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1.  Bench-to-bedside review: Circulating microparticles - a new player in sepsis? 
Critical Care  2010;14(5):236.
In sepsis, inflammation and thrombosis are both the cause and the result of interactions between circulating (for example, leukocytes and platelets), endothelial and smooth muscle cells. Microparticles are proinflammatory and procoagulant fragments originating from plasma membrane generated after cellular activation and released in body fluids. In the vessel, they constitute a pool of bioactive effectors pulled from diverse cellular origins and may act as intercellular messengers. Microparticles expose phosphatidylserine, a procoagulant phospholipid made accessible after membrane remodelling, and tissue factor, the initiator of blood coagulation at the endothelial and leukocyte surface. They constitute a secretion pathway for IL-1β and up-regulate the proinflammatory response of target cells. Microparticles circulate at low levels in healthy individuals, but undergo phenotypic and quantitative changes that could play a pathophysiological role in inflammatory diseases. Microparticles may participate in the pathogenesis of sepsis through multiple ways. They are able to regulate vascular tone and are potent vascular proinflammatory and procoagulant mediators. Microparticles' abilities are of increasing interest in deciphering the mechanisms underlying the multiple organ dysfunction of septic shock.
doi:10.1186/cc9231
PMCID: PMC3219244  PMID: 21067540
2.  Increased levels of circulating microparticles in primary Sjögren's syndrome, systemic lupus erythematosus and rheumatoid arthritis and relation with disease activity 
Arthritis Research & Therapy  2009;11(5):R156.
Introduction
Cell stimulation leads to the shedding of phosphatidylserine (PS)-rich microparticles (MPs). Because autoimmune diseases (AIDs) are characterized by cell activation, we investigated level of circulating MPs as a possible biomarker in primary Sjögren's syndrome (pSS), systemic lupus erythematosus (SLE) and rheumatoid arthritis (RA).
Methods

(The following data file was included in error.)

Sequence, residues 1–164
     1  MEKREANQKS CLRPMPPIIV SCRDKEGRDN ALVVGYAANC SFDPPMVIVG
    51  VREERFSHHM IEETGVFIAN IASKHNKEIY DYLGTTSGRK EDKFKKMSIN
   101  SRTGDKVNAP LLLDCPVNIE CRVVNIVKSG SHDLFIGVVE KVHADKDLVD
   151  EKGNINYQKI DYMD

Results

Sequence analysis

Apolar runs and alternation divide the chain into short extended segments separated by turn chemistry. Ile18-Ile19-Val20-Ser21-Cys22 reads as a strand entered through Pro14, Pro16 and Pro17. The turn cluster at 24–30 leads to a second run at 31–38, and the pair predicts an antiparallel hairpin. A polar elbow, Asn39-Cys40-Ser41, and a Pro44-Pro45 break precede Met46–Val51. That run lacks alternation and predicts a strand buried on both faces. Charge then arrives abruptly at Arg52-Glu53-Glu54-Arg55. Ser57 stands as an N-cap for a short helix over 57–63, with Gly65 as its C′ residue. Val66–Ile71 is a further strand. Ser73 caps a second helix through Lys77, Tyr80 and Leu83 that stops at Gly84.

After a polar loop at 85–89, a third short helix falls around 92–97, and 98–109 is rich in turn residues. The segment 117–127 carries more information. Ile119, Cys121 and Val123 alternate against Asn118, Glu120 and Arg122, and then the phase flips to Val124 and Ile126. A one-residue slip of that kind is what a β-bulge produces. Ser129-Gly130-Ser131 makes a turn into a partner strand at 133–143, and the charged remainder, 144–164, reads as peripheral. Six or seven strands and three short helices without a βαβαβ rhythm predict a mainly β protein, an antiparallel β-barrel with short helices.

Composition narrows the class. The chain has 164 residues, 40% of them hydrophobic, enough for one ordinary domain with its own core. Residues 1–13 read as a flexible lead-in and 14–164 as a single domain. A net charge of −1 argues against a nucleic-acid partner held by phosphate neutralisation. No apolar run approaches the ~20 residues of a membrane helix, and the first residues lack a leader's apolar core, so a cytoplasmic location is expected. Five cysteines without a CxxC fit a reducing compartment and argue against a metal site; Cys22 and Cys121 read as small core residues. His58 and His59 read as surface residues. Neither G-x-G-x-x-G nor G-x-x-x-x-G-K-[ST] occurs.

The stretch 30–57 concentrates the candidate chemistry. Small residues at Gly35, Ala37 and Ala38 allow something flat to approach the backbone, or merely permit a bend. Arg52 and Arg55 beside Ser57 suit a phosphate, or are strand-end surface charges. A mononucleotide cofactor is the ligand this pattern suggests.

We measured plasma levels of total, platelet and leukocyte MPs by prothrombinase capture assay and flow cytometry in 43 patients with pSS, 20 with SLE and 24 with RA and in 44 healthy controls (HCs). Secretory phospholipase A2 (sPLA2) activity was assessed by fluorometry. Soluble CD40 ligand (sCD40L) and soluble P-selectin (sCD62P), reflecting platelet activation, were measured by ELISA.
Results
Patients with pSS showed increased plasma level of total MPs (mean ± SEM 8.49 ± 1.14 nM PS equivalent (Eq), P < 0.0001), as did patients with RA (7.23 ± 1.05 n PS Eq, P = 0.004) and SLE (7.3 ± 1.25 nM PS Eq, P = 0.0004), as compared with HCs (4.13 ± 0.2 nM PS Eq). Patients with AIDs all showed increased level of platelet MPs (P < 0.0001), but only those with pSS showed increased level of leukocyte MPs (P < 0.0001). Results by capture assay and flow cytometry were correlated. In patients with high disease activity according to extra-glandular complications (pSS), DAS28 (RA) or SLEDAI (SLE) compared with low-activity patients, the MP level was only slightly increased in comparison with those having a low disease activity. Platelet MP level was inversely correlated with anti-DNA antibody level in SLE (r = -0.65; P = 0.003) and serum β2 microglobulin level in pSS (r = -0.37; P < 0.03). The levels of total and platelet MPs were inversely correlated with sPLA2 activity (r = -0.37, P = 0.0007; r = -0.36, P = 0.002, respectively). sCD40L and sCD62P concentrations were significantly higher in pSS than in HC (P ≤ 0.006).
Conclusions
Plasma MP level is elevated in pSS, as well as in SLE and RA, and could be used as a biomarker reflecting systemic cell activation. Level of leukocyte-derived MPs is increased in pSS only. The MP level is low in case of more severe AID, probably because of high secretory phospholipase A2 (sPLA2) activity, which leads to consumption of MPs. Increase of platelet-derived MPs, sCD40L and sCD62P, highlights platelet activation in pSS.
doi:10.1186/ar2833
PMCID: PMC2787287  PMID: 19832990

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